The Division of Banks of the Massachusetts Office of Consumer Affairs and Business Regulation has issued a supervisory alert to warn financial institutions of the potential legal and regulatory risks arising from NSF fees charged on the representment of unpaid transactions.
The alert addresses the common scenario in which a financial institution charges an NSF fee when an ACH item is presented for payment from a consumer’s account and is declined due to insufficient funds in the account to cover the item. If the same item is subsequently represented for payment and declined again, some financial institutions will charge an additional NSF fee for each declined representment, thereby resulting in multiple NSF fees for the same underlying transaction.
The alert observes that recent class action lawsuits have alleged breach of contract claims based on the omission of terms in the deposit account agreement regarding the assessment of NSF fees for represented items. It also observes that standard deposit account agreements and fee schedules supplied to financial institutions by vendors may not adequately explain a bank’s actual NSF fee practices. Specifically, although some disclosures may indicate that one NSF fee will be charged “per item” or “per transaction,” such language may not adequately explain that a single underlying transaction can trigger multiple NSF fees. The alert suggests that, in the absence of such explanation, charging multiple NSF fees could be viewed as inconsistent with what was disclosed to the customer.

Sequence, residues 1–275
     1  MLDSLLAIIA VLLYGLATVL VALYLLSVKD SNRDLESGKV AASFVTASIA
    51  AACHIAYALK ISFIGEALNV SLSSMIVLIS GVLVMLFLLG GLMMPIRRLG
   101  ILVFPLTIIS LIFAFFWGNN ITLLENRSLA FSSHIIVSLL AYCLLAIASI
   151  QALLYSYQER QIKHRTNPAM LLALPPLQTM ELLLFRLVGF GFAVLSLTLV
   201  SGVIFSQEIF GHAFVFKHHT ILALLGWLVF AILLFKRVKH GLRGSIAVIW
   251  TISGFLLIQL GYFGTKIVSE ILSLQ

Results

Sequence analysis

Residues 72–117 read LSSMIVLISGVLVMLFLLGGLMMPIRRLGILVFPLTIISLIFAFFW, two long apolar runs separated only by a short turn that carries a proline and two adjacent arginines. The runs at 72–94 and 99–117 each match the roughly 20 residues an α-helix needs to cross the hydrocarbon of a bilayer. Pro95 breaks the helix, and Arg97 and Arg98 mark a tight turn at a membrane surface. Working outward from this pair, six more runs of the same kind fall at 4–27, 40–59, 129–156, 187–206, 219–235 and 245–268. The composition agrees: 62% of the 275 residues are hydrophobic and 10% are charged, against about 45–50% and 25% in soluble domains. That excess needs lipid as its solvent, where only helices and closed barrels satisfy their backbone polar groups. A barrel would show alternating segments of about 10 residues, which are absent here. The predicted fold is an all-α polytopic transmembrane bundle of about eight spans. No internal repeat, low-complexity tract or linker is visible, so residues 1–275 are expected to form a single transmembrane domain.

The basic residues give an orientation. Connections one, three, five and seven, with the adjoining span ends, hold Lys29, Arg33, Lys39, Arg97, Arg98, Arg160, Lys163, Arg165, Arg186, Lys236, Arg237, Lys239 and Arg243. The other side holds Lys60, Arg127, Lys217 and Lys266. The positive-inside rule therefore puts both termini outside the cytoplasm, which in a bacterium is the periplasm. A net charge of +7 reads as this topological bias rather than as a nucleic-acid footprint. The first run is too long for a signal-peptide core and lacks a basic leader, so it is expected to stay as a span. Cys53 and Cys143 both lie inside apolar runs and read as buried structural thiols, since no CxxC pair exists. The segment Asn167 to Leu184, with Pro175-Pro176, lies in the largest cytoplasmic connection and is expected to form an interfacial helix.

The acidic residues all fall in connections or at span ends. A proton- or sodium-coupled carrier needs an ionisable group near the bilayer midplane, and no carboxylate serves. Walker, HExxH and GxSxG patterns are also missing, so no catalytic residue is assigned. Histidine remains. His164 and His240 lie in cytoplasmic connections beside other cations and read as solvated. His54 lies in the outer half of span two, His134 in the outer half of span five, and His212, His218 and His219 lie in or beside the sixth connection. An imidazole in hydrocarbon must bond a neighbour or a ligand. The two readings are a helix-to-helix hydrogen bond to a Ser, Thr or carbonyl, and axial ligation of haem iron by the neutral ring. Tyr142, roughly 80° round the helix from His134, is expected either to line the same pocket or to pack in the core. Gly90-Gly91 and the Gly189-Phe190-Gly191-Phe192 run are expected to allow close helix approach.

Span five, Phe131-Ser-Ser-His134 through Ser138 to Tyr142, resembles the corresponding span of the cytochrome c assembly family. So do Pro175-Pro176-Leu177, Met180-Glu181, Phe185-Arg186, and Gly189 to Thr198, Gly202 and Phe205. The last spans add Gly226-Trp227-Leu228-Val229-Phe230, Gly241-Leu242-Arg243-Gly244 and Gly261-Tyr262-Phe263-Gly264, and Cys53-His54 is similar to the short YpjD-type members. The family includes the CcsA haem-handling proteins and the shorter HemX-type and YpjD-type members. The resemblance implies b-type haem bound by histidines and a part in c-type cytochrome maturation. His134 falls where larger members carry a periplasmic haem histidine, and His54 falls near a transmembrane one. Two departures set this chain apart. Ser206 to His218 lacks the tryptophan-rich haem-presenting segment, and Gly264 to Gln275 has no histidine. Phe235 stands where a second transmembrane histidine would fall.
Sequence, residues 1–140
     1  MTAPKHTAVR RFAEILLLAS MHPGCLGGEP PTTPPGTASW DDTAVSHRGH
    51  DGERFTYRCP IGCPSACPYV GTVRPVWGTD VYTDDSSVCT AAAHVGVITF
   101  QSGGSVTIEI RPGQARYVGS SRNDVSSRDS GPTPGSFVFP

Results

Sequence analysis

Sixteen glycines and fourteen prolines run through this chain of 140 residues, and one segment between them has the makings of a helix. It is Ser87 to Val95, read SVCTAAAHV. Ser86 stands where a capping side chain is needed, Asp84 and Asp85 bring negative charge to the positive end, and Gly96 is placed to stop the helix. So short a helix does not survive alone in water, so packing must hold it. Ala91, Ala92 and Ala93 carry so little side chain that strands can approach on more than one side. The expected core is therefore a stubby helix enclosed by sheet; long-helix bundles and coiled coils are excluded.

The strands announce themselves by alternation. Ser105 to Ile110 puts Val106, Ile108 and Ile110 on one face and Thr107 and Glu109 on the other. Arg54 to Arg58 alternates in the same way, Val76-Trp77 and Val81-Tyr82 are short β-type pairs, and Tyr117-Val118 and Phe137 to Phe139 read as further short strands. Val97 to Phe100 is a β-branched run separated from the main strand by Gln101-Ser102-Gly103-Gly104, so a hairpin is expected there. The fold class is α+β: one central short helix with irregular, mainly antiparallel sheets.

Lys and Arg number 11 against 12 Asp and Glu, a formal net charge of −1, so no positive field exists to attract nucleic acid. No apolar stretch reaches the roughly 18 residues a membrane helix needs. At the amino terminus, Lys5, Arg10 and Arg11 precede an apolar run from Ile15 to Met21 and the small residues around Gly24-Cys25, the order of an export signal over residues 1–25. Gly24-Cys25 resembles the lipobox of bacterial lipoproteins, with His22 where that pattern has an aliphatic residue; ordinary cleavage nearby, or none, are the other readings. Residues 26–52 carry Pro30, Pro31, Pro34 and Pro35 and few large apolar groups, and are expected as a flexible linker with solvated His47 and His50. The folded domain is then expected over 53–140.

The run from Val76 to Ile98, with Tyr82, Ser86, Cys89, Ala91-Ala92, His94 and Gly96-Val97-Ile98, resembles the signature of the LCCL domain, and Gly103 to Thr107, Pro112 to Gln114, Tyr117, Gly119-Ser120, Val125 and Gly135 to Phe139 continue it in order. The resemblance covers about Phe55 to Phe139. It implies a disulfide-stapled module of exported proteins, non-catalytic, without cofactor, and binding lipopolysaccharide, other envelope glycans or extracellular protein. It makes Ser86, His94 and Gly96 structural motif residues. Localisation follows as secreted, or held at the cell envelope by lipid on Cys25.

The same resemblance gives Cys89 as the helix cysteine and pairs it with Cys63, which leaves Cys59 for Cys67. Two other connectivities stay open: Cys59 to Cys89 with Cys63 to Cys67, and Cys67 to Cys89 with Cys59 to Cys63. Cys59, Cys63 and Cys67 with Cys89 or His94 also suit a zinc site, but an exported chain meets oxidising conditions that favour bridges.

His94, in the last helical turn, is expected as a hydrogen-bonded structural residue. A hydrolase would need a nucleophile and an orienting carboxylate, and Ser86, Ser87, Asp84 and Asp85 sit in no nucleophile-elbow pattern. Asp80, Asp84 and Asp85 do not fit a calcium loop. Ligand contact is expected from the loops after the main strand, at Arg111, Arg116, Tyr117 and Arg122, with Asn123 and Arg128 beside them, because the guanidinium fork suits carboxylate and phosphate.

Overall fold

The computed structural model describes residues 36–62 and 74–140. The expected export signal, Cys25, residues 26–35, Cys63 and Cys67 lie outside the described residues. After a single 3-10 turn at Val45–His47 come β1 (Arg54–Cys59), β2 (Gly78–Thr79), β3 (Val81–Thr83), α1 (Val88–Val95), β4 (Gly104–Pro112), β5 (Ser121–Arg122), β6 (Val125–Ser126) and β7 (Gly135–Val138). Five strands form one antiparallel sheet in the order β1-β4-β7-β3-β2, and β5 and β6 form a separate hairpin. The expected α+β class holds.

The alert also reminds financial institutions that their deposit account disclosure and agreement practices are reviewed by state and federal regulators for UDAP compliance. It warns that UDAP violations can result in the payment of restitution and/or civil money penalties. It strongly encourages financial institutions to review their disclosures and processes to ensure they are in compliance with applicable laws and regulations, clearly disclose how NSF fees are charged, and are consistent with a customer’s reasonable expectations.
The alert concludes by advising financial institutions that ongoing and future examinations by the Division of Banks could require corrective measures based on examination findings.
In our latest podcast, “Still In The Crosshairs: An Update On Bank Overdraft Practices,” we discuss representment claims as well as other theories currently used by plaintiffs’ attorneys to challenge overdraft practices. Click here to listen.